Astronomy 122 Midterm

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1 Astronomy 122 Midterm This Class (Lecture 15): Stellar Evolution: The Main Sequence Next Class: Stellar Evolution: Post-Main Sequence Midterm on Thursday! Last week for Nightlabs 1 hour exam in this classroom Will cover material up to and including star formation Approximately 25 multiple choice and 6 short answer. Exam will have 105 points graded out of 100 (i.e. extra credit) You may bring normal-sized sheet with notes on each side. Music: For Science They Might Be Giants Outline What Are We Looking For? General Predictions of our Star Formation Theory Extrasolar planets! Getting to the main-sequence The death of stars. It starts now.. Are interstellar dust clouds common? Yes! Do young stars have disks? Yes!? Are the smaller planets near the star?? Are massive planets farther away?

2 Radial velocity (m/s) Test of Exoplanets Planets around other stars = extrasolar planets = exoplanets Would our solar system nebula formation theory account for other solar systems around other stars? Finding Planets 1. Radial Velocity: Stars will wobble. 2. Astrometry: See the stars move. 3. Transit Method: Occultation. 4. Optical Detection: Direct. Arguable 2 extrasolar planets have been detected directly in the IR. Remember that planets in our Solar System seem bright because they reflect light from the Sun in the visible. Star Wobble: Radial Velocity Newton s 3 rd Law: Both planet and star move Both orbits fixed around the center of gravity x Radial Velocity Shifts: Planets around other Stars? Star s period? Place your bets Same as planet Greatly exaggerated Star movement too small to see Moves in small, tight circle But wobble" in star speed detected! planet-hunting2.htm Time (days)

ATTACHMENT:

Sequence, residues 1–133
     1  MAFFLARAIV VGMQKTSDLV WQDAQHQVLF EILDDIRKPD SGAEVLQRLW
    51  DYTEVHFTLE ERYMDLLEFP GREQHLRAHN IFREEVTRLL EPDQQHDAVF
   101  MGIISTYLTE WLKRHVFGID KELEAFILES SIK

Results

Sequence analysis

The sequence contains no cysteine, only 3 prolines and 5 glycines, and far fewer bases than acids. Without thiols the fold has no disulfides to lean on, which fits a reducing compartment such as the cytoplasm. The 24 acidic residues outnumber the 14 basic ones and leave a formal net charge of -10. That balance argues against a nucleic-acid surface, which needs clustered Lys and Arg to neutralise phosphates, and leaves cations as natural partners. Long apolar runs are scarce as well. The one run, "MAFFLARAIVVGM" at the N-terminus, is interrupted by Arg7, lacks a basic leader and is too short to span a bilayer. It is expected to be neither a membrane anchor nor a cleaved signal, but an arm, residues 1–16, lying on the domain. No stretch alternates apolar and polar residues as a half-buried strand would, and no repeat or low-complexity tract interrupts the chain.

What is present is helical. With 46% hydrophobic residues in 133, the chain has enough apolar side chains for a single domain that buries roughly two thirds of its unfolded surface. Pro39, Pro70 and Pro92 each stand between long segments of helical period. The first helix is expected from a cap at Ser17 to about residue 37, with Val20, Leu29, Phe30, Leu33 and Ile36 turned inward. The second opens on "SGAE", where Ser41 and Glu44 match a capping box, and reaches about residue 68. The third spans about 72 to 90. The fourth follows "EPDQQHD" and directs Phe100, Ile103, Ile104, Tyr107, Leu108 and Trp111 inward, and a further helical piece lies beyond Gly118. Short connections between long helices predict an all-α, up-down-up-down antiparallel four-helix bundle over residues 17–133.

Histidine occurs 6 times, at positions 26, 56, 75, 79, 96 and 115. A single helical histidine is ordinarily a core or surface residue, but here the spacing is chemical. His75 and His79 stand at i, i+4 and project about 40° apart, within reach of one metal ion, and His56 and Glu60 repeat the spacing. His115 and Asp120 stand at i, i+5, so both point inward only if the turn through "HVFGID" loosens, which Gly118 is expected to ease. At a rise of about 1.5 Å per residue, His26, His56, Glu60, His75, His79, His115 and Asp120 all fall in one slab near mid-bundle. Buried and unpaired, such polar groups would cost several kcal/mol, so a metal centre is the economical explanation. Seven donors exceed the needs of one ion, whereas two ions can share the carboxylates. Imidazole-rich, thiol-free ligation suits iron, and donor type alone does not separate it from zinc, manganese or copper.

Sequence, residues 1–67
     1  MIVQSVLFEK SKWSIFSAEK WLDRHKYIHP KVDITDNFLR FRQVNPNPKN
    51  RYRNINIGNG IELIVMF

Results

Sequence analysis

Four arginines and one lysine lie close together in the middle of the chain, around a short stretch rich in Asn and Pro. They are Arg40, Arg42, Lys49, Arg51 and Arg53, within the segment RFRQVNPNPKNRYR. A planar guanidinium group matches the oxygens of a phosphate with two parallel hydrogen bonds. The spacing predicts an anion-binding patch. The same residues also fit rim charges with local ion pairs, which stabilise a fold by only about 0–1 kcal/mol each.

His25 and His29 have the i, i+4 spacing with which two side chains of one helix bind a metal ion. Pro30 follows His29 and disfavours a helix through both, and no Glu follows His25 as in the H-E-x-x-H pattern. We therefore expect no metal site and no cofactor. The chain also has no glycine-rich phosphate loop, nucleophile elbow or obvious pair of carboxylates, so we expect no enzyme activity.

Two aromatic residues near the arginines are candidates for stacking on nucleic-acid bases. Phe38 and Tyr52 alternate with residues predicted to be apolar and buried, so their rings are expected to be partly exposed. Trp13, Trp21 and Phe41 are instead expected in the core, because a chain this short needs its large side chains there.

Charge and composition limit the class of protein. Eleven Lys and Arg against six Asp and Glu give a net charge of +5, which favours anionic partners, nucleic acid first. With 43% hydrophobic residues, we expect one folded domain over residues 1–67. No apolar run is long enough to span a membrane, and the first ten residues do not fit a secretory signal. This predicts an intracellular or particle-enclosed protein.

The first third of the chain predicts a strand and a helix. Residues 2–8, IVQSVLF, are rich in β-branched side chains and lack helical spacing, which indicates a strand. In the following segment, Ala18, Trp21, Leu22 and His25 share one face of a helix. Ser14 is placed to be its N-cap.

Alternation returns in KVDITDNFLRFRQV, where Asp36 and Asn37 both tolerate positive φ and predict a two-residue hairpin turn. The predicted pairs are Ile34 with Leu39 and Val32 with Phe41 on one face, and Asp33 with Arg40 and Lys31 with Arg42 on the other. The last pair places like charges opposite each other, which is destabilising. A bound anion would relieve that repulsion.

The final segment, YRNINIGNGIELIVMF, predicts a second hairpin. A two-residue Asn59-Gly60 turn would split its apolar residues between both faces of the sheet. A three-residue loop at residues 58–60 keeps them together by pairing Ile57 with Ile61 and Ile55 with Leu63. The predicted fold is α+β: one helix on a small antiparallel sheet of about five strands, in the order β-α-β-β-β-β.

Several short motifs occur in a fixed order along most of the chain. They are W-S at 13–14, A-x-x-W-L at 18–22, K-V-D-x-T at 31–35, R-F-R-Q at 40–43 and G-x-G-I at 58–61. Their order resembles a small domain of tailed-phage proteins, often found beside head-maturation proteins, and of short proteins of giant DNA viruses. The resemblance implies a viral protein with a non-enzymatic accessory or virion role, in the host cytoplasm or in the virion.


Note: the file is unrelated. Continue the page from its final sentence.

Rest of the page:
3 Early Discovery Hear all about it. As of Jan, there are at least 155 planets around nearby stars. Earth Jupiter Exoplanets: Results to Date Over 155 planets detected so far More than 15 times the number in our Solar System! By measuring the wobble variation: With time, gives the planet distance: Kepler s 3 rd law The orbital speed of the star gives masses: the bigger the wobble amplitude, the heavier the planet At least 13 are multi-planet systems 47 Ursae Majoris System 51 light years away (near the Big Dipper). 13 years of data has shown 2 planets 1 Jupiter like and 1 Saturn like. Other Planets, Other Stars Wow! Among the most similar to our own system